Tip #8: Make Storing Water and Liquids a Priority
Water is vital. Without a supply of clean drinking water your chances of survival are severely diminished.
How many times have you heard emergency relief responses appealing for clean drinking water? In all recent disaster situations, after medical care, clean water is the most pressing need. In this type of situation, do you want to be one of those with water or without?
The problem is that in modern society running water in our homes is normal. While others may take this for granted, for preppers such complacency serves as a warning. In a disaster situation it is the loss of basic services that pose the biggest threat.
How to Organize a Survival Pantry
The game we are playing is food preservation. To preserve food it must be free of bacteria and your survival pantry must be free of the water that allows bacteria to reproduce.
Tip #9: Keep your Pantry Cool and Dry
The ideal temperature for food storage is between 40 degrees and 72 degrees. If survival pantries exceed this, food will lose its flavor, texture, and appearance.
Tip #10: Store your Food off the Ground and Away from Outside Walls
To control temperature think carefully about the location of your store. It must be as dry as possible. An air-conditioner or dehumidifier can prevent moisture accumulating. Floors and outside walls are where moisture accumulates.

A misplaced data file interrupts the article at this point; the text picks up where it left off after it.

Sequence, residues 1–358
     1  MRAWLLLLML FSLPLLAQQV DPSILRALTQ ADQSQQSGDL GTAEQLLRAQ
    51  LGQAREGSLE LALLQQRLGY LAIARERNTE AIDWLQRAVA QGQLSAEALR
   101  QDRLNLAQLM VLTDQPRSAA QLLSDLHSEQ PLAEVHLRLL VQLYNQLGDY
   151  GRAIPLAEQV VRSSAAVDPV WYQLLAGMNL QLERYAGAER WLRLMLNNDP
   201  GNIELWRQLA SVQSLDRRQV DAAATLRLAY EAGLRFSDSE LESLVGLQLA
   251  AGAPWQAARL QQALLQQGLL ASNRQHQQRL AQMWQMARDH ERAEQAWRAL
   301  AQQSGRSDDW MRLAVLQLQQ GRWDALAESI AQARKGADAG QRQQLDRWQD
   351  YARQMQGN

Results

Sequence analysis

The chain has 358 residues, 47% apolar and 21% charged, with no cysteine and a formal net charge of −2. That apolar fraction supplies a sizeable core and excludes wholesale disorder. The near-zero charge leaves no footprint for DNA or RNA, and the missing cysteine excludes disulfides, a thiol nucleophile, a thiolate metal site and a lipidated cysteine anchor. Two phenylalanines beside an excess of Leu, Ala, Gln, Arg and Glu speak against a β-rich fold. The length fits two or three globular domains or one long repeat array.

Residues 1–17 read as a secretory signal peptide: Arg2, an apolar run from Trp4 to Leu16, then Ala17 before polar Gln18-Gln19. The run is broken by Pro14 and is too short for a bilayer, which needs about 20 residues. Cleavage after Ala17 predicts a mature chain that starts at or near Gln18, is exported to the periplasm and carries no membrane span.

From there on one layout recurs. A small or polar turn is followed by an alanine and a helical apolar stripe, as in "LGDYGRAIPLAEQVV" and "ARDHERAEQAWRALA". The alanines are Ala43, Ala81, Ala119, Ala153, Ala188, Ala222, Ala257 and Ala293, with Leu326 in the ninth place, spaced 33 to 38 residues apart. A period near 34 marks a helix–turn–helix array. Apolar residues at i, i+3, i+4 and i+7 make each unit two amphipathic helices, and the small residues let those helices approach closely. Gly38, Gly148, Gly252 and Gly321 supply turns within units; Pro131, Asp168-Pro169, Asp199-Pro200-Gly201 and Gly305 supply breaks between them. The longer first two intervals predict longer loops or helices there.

Light affects the flavor and appearance of food. This means no windows for your pantry and if you use clear containers they need to put in labeled boxes with lids. It might look a little less homely, but it’s better in the long-run.
Tip #11: Keep a Clean Pantry to Keep Pests Away
Air-tight containers not only keep out the moisture, they also prevent your food feeding pests. But this is all undone it you leave a few food particles on the shelves or floor.
Tip #12: Keep your Pantry Safe and Secure
None of this will be of any help in an emergency situation unless you keep your survival pantry protected. Invest in a good quality door and a secure lock. Keep copies of your keys safe.
Tip #13: Consider the Pros and Cons of the Deep Freezer
Deep freezers have good insulation and maintain low temperatures without power. In a well-insulated freezer, foods will maintain ice crystals (so safe to eat) for at least two days.
You can maintain cold temperatures by keeping your freezer well-packed and ensuring the seal is in good condition. Try to limit the number of times you open the door. An inventory helps you know the contents of your freezer without opening it.
Tip #14: Organize for the Short, Medium and Long-Term